New study: Thumb-sucking and nail-biting might lead to fewer allergies later on


A new study, published this month in the American Academy of Pediatrics’ “Pediatrics” gave us more evidence that the “hygiene hypothesis” might have some truth to it. The hygiene hypothesis says that exposing kids to dirt and germs is a good thing and that children in the Western world could be growing up in environments that are too clean. This study came out of New Zealand.

Read more: Letting babies ‘cry it out’ not harmful, study says

Is thumb-sucking or nail-biting actually beneficial?

This study looked at 1,037 participants and assessed them when they were 3, 5, 7, 9, 11, 13, 15, 18, 21, 26, 32 and 38 years old. The participants were identified as either thumb-suckers or nail-biters if they continued to do it between ages 5 and 11. The study tested participants for allergy sensitivities, asthma and hay fever. Researchers found that those thumb-sucking or nail-biting children had a lower risk of allergies at age 13 as noted by a skin prick test, but nail-biting and/or thumb-sucking didn’t really help with asthma or hay fever. The thumb-suckers and nail-biters also still had a lower risk for allergy sensitivities at age 32.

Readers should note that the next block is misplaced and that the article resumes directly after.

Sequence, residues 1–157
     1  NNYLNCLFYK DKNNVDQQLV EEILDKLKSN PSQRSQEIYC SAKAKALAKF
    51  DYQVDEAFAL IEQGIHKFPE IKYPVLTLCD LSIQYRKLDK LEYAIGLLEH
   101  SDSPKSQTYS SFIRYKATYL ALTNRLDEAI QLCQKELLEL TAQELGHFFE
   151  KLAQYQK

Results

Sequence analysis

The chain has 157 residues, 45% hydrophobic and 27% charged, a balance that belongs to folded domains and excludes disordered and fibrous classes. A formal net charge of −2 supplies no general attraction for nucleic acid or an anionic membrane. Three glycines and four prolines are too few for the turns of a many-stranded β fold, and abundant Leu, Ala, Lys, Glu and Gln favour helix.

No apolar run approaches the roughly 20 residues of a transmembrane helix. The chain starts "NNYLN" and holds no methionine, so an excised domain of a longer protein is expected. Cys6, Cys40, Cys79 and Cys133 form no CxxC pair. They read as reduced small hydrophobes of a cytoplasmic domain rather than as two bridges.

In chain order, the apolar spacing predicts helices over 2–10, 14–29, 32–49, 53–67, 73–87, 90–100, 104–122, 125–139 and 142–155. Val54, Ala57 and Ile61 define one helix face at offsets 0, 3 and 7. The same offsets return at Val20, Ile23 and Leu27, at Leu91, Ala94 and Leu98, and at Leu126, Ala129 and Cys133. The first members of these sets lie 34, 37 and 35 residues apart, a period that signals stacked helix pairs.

At age 13, 38% of the thumb-suckers and/or nail biters had an allergy sensitivity compared with 49% of their non-thumb-sucking, nail-biting peers. Some 40% of children who had only one ‘bad habit’ had an allergy, but 31% of those that had both habits had an allergy.

For parents, does this mean they should go out and encourage their children to suck their thumbs or bite their nails?

‘No,’ says Dr. Mai Duong a pediatrician and co-chief of pediatrics at Austin Regional Clinic. With thumb-sucking and nail-biting, parents do have to worry about tissue and skin infections, Duong says. ‘The human mouth is never clean,’ she says.

While this study might give parents of thumb-suckers and nail-biters some reassurance, not enough is known about the hygiene hypothesis. “We don’t know enough about what exposure is good,” she says. And, of course, there are some germs you don’t want any exposure to at all.

Duong doesn’t see the American Academy of Pediatrics and Pediatricians changing their recommendations on the level of cleanliness you should give your child. Even with this study and previous studies, Duong recommends parents take precautions especially for newborns. That means sterilizing pacifiers and bottles. It means washing your hands before and after a diaper change. And it means washing around a baby’s nose and mouth, especially those first three months.

Read more: Why a family physician says parents these days are raising kids all wrong

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